The U.S. sports broadcaster received around 1,500 pitches last year, but only accepted five or six said Adam Neuhaus, ESPN’s senior director of development.

With this in mind, Neuhaus attended the Sheffield Doc/Fest virtually to talk about what documentary filmmakers and producers should know when pitching to and working with ESPN’s premium documentary strand, ’30 For 30′. The brand was originally created to celebrate the broadcaster’s 30th anniversary in 2010, but has since taken on a life of its own with more than 100 feature films, more than 65 short films and 37 podcast episodes in the 11 years since its launch.

ESPN Films’ focus is to tell stories that go beyond sports with greater human and societal themes.

“It’s an invitation that speaks to the perspective that we’re trying to do with the film, which is tell me a story,” Neuhaus said. “We’re not looking to do a film just because it’s a very famous person or a famous event or to do a survey thematic. We want to tell stories that are about something greater.”

Neuhaus said ESPN often takes films about athleticism, competition and adventure that aren’t exactly sports films. He referenced the recent 30 for 30 film Be Water about Bruce Lee or how ESPN airs spelling bees and hot dog eating contests.

More specifically though, Neuhaus said his team looks for evergreen stories that are at least a decade old, focused on a single story or event, that sometimes take a new angle on well-known stories, and they often like to invest in films with plenty of archival footage, as in The Last Dance.

Neuhaus said they look for knowledgeable and passionate filmmakers, and aren’t worried about how big of a sports fan a director is if they’re well-prepared and great storytellers.

Ideally, ESPN fully commissions projects, Neuhaus said, with acquisitions of films already in progress much rarer. The network likes to fund projects in one fell swoop, eliminating the need to find multiple revenue streams.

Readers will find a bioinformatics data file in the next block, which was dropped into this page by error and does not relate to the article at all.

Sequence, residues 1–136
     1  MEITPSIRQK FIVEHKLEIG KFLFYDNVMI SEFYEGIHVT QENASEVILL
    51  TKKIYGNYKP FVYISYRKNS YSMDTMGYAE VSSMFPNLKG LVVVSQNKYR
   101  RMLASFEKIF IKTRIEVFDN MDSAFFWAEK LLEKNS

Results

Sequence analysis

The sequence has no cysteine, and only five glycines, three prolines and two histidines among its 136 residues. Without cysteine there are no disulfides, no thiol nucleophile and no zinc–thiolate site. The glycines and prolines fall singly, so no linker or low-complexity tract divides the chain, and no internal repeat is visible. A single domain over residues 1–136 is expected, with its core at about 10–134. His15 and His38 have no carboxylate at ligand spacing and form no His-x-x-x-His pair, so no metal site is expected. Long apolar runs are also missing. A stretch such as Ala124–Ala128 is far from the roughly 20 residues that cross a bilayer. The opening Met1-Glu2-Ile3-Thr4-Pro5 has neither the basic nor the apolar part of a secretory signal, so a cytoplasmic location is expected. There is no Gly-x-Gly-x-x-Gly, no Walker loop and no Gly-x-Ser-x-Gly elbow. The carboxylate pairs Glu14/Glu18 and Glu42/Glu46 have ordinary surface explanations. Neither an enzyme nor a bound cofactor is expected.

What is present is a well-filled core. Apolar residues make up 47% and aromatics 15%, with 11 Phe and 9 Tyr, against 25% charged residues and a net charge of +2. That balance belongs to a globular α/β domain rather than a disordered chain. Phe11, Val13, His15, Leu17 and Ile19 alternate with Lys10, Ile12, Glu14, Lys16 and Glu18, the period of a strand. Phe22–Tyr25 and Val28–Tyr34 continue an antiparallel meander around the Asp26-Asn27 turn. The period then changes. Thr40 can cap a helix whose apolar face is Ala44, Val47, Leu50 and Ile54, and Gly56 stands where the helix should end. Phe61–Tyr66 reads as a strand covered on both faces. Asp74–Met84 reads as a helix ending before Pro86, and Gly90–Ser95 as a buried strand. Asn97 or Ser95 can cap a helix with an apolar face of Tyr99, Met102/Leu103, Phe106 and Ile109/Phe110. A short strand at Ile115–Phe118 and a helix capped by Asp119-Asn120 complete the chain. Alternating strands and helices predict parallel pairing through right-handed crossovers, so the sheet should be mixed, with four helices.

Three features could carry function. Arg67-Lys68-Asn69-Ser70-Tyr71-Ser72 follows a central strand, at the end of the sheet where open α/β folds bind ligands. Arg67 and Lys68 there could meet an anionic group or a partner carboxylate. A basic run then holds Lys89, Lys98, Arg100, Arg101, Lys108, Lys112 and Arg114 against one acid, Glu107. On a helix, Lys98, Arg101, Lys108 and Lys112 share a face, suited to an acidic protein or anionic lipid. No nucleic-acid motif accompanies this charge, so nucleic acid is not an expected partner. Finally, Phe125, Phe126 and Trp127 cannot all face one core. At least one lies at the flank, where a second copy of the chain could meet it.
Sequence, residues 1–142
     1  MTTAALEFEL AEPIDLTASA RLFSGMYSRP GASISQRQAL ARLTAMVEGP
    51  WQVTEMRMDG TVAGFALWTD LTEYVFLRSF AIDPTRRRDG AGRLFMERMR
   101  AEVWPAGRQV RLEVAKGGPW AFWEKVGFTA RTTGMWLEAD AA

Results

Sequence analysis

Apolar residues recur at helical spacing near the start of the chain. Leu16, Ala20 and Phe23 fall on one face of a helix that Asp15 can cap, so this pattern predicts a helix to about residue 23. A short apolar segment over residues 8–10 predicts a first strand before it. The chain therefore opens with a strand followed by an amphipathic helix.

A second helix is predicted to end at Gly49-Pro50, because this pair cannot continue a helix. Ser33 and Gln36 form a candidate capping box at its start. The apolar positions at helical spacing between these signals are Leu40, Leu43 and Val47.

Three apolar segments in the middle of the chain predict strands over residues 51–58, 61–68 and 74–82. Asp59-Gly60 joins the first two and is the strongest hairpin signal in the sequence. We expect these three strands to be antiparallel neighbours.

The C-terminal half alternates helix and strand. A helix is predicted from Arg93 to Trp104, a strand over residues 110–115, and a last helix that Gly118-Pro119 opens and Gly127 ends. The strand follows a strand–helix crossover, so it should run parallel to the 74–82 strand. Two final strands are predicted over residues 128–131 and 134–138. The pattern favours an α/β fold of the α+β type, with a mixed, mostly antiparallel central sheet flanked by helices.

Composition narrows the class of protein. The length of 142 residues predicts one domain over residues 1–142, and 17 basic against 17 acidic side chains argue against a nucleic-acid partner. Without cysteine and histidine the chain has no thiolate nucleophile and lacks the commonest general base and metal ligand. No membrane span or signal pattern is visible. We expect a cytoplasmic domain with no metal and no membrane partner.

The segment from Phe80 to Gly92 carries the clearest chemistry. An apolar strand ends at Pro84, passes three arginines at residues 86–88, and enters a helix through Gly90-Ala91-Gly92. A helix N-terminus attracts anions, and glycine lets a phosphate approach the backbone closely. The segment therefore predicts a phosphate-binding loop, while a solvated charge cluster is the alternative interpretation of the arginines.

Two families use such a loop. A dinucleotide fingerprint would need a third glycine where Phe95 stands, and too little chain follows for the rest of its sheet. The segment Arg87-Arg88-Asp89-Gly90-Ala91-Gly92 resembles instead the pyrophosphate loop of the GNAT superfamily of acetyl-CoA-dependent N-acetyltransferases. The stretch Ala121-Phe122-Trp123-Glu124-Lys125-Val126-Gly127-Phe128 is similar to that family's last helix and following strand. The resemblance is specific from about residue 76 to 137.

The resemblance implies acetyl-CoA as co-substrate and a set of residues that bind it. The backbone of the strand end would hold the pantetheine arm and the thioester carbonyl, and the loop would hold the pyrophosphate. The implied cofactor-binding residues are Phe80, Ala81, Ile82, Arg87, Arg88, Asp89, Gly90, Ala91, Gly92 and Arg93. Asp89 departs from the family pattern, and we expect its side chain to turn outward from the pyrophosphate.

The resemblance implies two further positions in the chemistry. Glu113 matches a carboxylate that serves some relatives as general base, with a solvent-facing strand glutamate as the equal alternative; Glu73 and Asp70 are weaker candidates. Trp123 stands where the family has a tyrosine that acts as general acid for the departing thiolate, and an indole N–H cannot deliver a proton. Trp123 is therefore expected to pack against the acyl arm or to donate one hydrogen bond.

The network can help a production company with a pitch find a filmmaker, or vice versa. They also have internal story ideas that they’ll reach out to directors to work on.

Typically, ESPN isn’t as interested in all-access vérité films, as this style is already used often in their regular news coverage. But they would accept a pitch for a film in this style if the story, characters and filmmaker were strong enough, and generally don’t mind breaking their own rules for the right project, Neuhaus said.

“We want the films to all look and feel totally different. We want it to be the vision of the director,” Neuhaus said. “We’ve done all this work in development getting to know you and seeing your style and understanding what you’re trying to do, so that when we get to the production phase, our goal is to support your vision of the film.”

After the film is finished, they’ll plan to show it at film festivals and events before finding a linear premiere date on ESPN. With so much live sports to air, it can be hard to find a time for the network premiere, but the live sports coverage also means ESPN can secure a big audience for their films. Later, the film ends up on their streaming platform ESPN+, which is currently only available in the U.S.

Neuhaus advised that those pitching stories should know how their pitch would appeal to an American audience. He also said they should know which sports ESPN has the rights to broadcast. It’s not a deal-breaker to pitch a film on something they don’t have the rights to, but it helps to know how a film can line up with what ESPN otherwise broadcasts.

One exception he gave, however, is that ESPN cannot do films about the Olympics, as those rights are solely owned by NBC.

Neuhaus added they’re open to varying lengths of 50 minutes, 90 minutes or multi-part series. They also work on short films where they can be more experimental with the goal of receiving award and festival attention and to work with different filmmakers.

But with only five or six films released each year, Neuhaus said they work to ensure each one feels like a big event.

With files from Jillian Morgan and Andrew Jeffrey